DAILY CATHOLIC for March 4, 1998

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vol, 9
no. 45

Part One

Archbishop Charles J. Chaput, OFM Cap. [EDITOR'S NOTE: The following is the first part of four parts of the text of an address which Denver's Archbishop Charles J. Chaput, OFM Cap, delivered to the Mile Hi Congress last week. Although they were originally directed to Catholic educators from Colorado, the archbishop's words have obvious relevance for all Christians. They are reprinted here with permission and brought to you through the Catholic World News Service.]

by Archbishop Charles J. Chaput, OFM Cap.

     I. When Bill offered me the opportunity to speak at the Mile Hi a while back, I was very glad to say yes, because I really do believe that this congress is one of the most important meetings each year in our local Church, and I'm happy and grateful to see you here. All of us -- parents, priests, bishops and educators-- share one important role in the Church: We're teachers. That's our mandate as believers.  Jesus told us to go make disciples of all nations, and we do that in two ways. We preach the Gospel, and we teach the faith. The vocation of teaching others about Jesus and His Church is one of the most important things a Christian can do. When her teachers teach the truth with courage, faithfulness and conviction, the Church grows strong. When they don't, she grows weak. It's that simple.

      I'm a Capuchin Franciscan, so I have a great love for simplicity. We need more of it in the world, and we also need more of it in the Church. Jesus was simple. Not simple as in ignorant; but simple as in focused. He spoke clearly and directly. He anchored Himself in the essentials of His Father's will. We need to do the same. This is the reason why the Mile Hi is so important. Whatever skills and tools and professional methods we learn here are valuable. But they're not finally the reason for this congress. This congress exists to renew our zeal as missionaries. In Catholic education, every teacher is a missionary. It follows that we can't be good teachers if we're not on fire for the truth we teach.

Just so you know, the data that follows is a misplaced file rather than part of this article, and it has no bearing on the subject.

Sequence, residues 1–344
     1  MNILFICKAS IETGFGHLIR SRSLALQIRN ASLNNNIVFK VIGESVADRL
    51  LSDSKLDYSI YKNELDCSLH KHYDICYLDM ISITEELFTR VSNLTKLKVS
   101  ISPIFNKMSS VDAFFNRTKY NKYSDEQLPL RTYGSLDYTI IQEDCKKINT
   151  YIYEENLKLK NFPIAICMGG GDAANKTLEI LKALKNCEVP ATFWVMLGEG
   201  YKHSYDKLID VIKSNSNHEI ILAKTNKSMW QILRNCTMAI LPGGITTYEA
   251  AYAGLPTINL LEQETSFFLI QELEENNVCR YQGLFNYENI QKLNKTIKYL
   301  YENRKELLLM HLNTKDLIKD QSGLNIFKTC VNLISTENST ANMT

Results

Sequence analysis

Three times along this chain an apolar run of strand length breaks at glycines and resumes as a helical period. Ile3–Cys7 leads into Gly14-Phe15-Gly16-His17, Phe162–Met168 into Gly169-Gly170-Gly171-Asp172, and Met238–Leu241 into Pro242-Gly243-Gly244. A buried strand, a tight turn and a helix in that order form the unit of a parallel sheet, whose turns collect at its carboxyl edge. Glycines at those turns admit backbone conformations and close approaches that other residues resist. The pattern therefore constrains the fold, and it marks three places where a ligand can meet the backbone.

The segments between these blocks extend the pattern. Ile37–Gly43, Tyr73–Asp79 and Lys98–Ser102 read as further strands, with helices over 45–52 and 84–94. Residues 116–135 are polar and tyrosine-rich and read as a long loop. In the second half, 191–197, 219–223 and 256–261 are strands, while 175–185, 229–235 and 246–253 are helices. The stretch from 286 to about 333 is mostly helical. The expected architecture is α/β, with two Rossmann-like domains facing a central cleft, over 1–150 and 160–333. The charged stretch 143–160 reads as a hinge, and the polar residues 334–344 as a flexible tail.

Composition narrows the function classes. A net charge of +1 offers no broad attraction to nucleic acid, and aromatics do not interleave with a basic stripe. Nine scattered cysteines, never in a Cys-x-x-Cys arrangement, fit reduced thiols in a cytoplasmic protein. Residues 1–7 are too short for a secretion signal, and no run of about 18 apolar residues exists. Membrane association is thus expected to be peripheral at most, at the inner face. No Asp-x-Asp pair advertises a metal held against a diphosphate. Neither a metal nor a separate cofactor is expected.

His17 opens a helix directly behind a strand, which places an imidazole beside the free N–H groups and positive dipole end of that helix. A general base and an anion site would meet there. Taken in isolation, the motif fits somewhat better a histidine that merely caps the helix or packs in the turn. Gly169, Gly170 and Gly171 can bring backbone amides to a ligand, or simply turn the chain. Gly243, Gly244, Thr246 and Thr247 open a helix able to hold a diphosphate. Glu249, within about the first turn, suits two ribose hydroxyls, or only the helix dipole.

Back in December, I wrote a pastoral letter called "Good News of Great Joy." Those of you who read it know that this theme of mission and evangelization is really the heart of my concern as a bishop. Those of you who didn't read it, don't feel too bad. If you have trouble reading pastoral letters, I don't really enjoy writing them. In fact, I think most of the time, a good homily delivered from the heart is the best way to reach anyone with any message.  But some things are important enough to spend more time thinking about and developing. Some issues really do need the breathing room of a pastoral letter -- and recovering our missionary energy, and our missionary realism, as a Church is one of them.

      What do I mean by missionary realism? That's an odd term. Let me explain it this way. When I issue a pastoral letter about evangelization on Christmas Eve, it connects very comfortably with all the warm feelings of the Christmas season.  And that's appropriate: Every birth is "good news of great joy." But the deeper joy of the Christian Gospel doesn't happen at Christmas. It happens on the other side of Golgotha. There's no resurrection without the crucifixion. 

      All of us love Christmas. That's the easy part of the message. There's much less consumer-demand for Good Friday. Yet the cross is the manner by which Christ accomplishes our redemption. And only in being nailed to the cross with Him, can we rise with Him on Easter. That part of the Gospel is harder to preach. It's also harder for each of us to accept personally. We Christians all talk a good line about suffering... but very few of us want to experience too much of it.

      I mention this because, in developed countries like our own, when we talk about Jesus Christ-- and our own lives as Christians-- we tend to soften the rough edges. We leave out the part about the bloody nails. But the message makes no sense without the nails.  Jesus Himself was very blunt about the cost, as well as the rewards, of discipleship: "Take up your cross and follow me." Expect to be reviled. Expect to be persecuted. Expect to be humiliated. The good news is not a message of niceness. It is a revolutionary message of new life in Christ through death to the self... and the world usually doesn't want to hear it, and will often resist it with violence.

TOMORROW:  Part two of this four parter from Archbishop Charles Chaput, OFM Cap.

March 4, 1998       volume 9, no. 45
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